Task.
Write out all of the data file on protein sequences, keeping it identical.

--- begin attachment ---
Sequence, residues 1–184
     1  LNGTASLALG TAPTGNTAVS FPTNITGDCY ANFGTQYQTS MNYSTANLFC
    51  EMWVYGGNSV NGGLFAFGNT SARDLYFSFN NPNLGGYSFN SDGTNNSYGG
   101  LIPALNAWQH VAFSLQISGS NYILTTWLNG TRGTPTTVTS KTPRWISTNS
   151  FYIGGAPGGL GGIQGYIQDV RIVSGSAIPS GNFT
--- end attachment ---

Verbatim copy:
Sequence, residues 1–184
     1  LNGTASLALG TAPTGNTAVS FPTNITGDCY ANFGTQYQTS MNYSTANLFC
    51  EMWVYGGNSV NGGLFAFGNT SARDLYFSFN NPNLGGYSFN SDGTNNSYGG
   101  LIPALNAWQH VAFSLQISGS NYILTTWLNG TRGTPTTVTS KTPRWISTNS
   151  FYIGGAPGGL GGIQGYIQDV RIVSGSAIPS GNFT